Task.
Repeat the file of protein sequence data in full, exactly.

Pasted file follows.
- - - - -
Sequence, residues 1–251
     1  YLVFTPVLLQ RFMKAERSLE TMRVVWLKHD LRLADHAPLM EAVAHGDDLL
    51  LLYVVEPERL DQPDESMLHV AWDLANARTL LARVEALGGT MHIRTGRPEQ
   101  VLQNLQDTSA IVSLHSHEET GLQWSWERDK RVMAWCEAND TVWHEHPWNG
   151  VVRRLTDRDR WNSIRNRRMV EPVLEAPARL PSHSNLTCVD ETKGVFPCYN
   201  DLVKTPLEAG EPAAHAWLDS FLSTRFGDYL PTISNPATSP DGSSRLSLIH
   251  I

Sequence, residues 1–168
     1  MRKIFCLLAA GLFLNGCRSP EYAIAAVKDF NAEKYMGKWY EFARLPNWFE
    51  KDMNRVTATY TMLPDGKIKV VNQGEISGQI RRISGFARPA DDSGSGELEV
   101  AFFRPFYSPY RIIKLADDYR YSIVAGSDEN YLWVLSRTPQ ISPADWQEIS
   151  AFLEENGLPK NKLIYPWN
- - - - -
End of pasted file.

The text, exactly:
Sequence, residues 1–251
     1  YLVFTPVLLQ RFMKAERSLE TMRVVWLKHD LRLADHAPLM EAVAHGDDLL
    51  LLYVVEPERL DQPDESMLHV AWDLANARTL LARVEALGGT MHIRTGRPEQ
   101  VLQNLQDTSA IVSLHSHEET GLQWSWERDK RVMAWCEAND TVWHEHPWNG
   151  VVRRLTDRDR WNSIRNRRMV EPVLEAPARL PSHSNLTCVD ETKGVFPCYN
   201  DLVKTPLEAG EPAAHAWLDS FLSTRFGDYL PTISNPATSP DGSSRLSLIH
   251  I

Sequence, residues 1–168
     1  MRKIFCLLAA GLFLNGCRSP EYAIAAVKDF NAEKYMGKWY EFARLPNWFE
    51  KDMNRVTATY TMLPDGKIKV VNQGEISGQI RRISGFARPA DDSGSGELEV
   101  AFFRPFYSPY RIIKLADDYR YSIVAGSDEN YLWVLSRTPQ ISPADWQEIS
   151  AFLEENGLPK NKLIYPWN